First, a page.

Accelerating change on systems engineering tenets
By Eric E. Nichols|December
The Systems Engineering Technical Committee supports efforts to define, develop and disseminate modern systems engineering practices.
Access to space has been limited by the ticket cost to Earth orbit since the start of the space age. Events over the past year, however, represent what may be a permanent change to the existing cost structure. While deceptively subtle, 2016 saw accelerated changes that affect how we approach two bedrock tenets of systems engineering: requirements management and standards compliance.
System requirements management and design standards matured in tandem with the aerospace industry, often in response to tragic accidents. In the 1920s, airplane construction required little more than advanced carpentry skills. Until the 1930s, rocket technology had changed little since the Congreve rocket used at Fort McHenry in 1814. World War II forced radical change to both technologies.
Integration of ever more complex systems ushered in the nascent field of systems engineering. Reliance on individual experience and intuition was replaced by operational requirements and design standards. The transition helped save countless lives but also created impediments to creative problem-solving; the culture became conservative. Radical new designs became scarce as system specifications began to reflect safe point solutions. The prevalent philosophy became: violate design standards and risk millions of dollars, years of development and loss of life.
By the 1990s, restrictive standards became the target of government reform. As cost-reduction efforts continued to stagnate, NASA attempted several programs designed to promote innovation and revitalize a commercial space sector. The Commercial Resupply Service contracts began the current trend to limited, grand-vision requirements with minimal compliance constraints. The intent was to emulate Air Mail’s impact on aviation’s early development. These contracts provided the catalyst for SpaceX and Orbital ATK to develop launch vehicles for a commercial market.
The follow-on Commercial Crew Program continued the trend to focus on “what” and not “how.” Similarly, the Ansari “X Prize,” modeled after early 20th century aviation prizes, promoted maximum creativity with minimal requirements. The simple requirements to launch a reusable crewed vehicle into space twice within two weeks became the inspiration for the space tourism market. Private ventures, including Blue Origin’s New Shepard and Virgin Galactic’s SpaceShipTwo, use these basic requirements for their suborbital spacecraft and proved there was money available for a purely commercial launch industry.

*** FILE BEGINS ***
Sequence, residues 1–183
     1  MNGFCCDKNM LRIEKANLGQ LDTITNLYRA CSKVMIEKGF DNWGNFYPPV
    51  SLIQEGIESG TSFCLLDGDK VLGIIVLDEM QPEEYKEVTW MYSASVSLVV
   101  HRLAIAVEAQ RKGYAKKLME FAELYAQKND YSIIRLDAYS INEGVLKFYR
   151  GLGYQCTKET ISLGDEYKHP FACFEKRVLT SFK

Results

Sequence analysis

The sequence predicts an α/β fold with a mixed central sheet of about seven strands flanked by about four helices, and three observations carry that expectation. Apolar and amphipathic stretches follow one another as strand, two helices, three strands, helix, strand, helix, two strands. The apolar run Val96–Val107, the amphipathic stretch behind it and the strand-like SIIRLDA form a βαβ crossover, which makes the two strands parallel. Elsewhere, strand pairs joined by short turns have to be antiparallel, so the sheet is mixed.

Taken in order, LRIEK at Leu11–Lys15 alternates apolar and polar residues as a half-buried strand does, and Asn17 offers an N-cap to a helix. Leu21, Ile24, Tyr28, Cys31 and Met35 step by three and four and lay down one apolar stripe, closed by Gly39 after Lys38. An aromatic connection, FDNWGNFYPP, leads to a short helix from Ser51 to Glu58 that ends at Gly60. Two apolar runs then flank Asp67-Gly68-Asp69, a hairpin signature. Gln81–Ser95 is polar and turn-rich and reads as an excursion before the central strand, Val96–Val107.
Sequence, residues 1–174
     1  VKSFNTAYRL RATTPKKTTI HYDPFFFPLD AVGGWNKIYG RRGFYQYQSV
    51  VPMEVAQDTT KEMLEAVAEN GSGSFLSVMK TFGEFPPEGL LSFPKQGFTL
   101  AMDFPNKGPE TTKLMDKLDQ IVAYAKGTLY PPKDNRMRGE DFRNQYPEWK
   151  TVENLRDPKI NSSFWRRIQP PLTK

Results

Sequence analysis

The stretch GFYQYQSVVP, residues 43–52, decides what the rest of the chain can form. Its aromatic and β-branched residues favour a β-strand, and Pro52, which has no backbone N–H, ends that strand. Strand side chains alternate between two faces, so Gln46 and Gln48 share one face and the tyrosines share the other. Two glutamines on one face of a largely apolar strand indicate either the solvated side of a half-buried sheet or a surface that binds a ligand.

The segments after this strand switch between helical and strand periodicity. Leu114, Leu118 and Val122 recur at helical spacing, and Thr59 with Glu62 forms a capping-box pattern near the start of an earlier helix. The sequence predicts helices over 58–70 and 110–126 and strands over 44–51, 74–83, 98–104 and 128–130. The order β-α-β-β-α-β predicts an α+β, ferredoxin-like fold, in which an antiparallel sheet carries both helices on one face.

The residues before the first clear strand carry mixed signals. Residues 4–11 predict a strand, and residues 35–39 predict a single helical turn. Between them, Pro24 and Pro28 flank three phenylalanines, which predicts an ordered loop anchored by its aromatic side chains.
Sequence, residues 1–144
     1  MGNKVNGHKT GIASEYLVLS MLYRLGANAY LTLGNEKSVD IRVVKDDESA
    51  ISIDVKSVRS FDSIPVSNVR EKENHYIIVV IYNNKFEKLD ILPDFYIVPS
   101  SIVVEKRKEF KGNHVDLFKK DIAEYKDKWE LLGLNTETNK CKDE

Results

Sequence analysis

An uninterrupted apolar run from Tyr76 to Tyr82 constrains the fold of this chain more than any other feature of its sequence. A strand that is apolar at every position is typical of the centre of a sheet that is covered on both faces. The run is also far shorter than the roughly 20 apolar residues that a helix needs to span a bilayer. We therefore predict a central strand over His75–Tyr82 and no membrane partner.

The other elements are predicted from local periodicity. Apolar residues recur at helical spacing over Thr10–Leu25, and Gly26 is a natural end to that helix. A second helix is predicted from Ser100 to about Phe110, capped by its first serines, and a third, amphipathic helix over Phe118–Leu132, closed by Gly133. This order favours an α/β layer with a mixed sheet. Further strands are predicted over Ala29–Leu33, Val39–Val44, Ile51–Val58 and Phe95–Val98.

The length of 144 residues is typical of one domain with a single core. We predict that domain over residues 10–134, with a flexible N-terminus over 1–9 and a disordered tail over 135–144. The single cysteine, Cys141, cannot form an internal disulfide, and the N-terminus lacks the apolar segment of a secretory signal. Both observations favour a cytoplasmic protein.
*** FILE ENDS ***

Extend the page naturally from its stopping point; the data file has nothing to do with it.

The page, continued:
In 2016 the trend appears to have achieved critical mass with this year’s revisions to the Air Force Evolved Expendable Launch Vehicle, or EELV, documents. The new directives support the what and not how approach to launch services. With the renewed freedom, launch vehicle designers are once again questioning the existing paradigms and testing cost-saving technologies. The most visible are the reusable systems flown during the year. Less visible are the reduced recurring costs from test and integration changes. The EELV New Entrant Certification Guide accommodates providers with innovative designs and higher developmental risk. The guide recognizes possible failure as an integral part of advancing technology. This represents a radical change in launch systems engineering.
Systems engineering developed in response to the need to incorporate complex systems into advanced aerospace designs. System specifications and standards provided the written record used to pass along knowledge and generate design confidence. As the aerospace industry matured, these documents began to drive solutions toward the safe and known and discourage the risky and innovative. The new projects inspiring today’s engineers are demonstrating you can have both creative and safe. They are proving the right requirements and appropriate standards can encourage imaginative designs that reduce the ticket cost to Earth orbit.
The challenge for 2017 and beyond is to improve on the successes and work on getting the right mix of requirements and standards. ★